Mentor
I am assuming that frame is inertial and that when the rod starts to fall it does so in response to a force that gives it nonzero proper acceleration downward. (I call this force "gravity" in the OP but I am not actually modeling it that way.)
As I mentioned in post #11, an alternative formulation would be to have the "table" (and the hole) accelerating upward (nonzero proper acceleration) and the rod free-falling once it is unsupported. I still have not had time to try the calculations for that case.

Remember that my congruence is expressed in the rod rest frame (the frame in which the rod is at rest before it starts to fall). I am assuming that frame is inertial and that when the rod starts to fall it does so in response to a force that gives it nonzero proper acceleration downward. (I call this force "gravity" in the OP but I am not actually modeling it that way, as I clarified in post #7.) The components of the rod's 4-velocity are then simply ##\gamma## (##t## component) and ##\gamma v## (##z## component) as given by the relevant relativistic rocket equations for constant proper acceleration ##a##, with a minus sign for the ##z## component because the acceleration is downward. The ##\left( t - t_0 \right)## factor accounts for the fact that the downward proper acceleration starts at different coordinate times in this frame for different points along the rod.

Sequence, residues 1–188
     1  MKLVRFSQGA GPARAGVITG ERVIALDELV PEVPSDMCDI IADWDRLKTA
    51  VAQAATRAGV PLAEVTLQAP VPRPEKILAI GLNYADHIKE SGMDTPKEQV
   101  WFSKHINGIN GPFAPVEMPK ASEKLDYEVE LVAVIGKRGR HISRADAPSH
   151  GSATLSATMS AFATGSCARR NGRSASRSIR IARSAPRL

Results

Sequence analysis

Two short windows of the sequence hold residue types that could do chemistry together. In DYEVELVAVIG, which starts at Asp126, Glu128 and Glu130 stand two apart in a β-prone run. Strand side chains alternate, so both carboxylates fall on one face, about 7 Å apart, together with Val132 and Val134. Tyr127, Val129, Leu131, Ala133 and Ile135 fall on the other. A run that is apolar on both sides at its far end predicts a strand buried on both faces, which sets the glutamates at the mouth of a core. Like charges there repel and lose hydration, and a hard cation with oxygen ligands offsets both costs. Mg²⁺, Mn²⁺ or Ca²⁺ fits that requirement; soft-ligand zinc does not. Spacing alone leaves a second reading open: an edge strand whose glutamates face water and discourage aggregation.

But that is what I have in my congruence and not what you have. Look at your first post In this thread. Compare to my post #8, which implements what you describe here (for coordinate acceleration). For proper acceleration, see my post #19.

Mentor
that is what I have in my congruence and not what you have.
I don't understand. The relativistic rocket equation has (from this page, in units where ##c = 1##):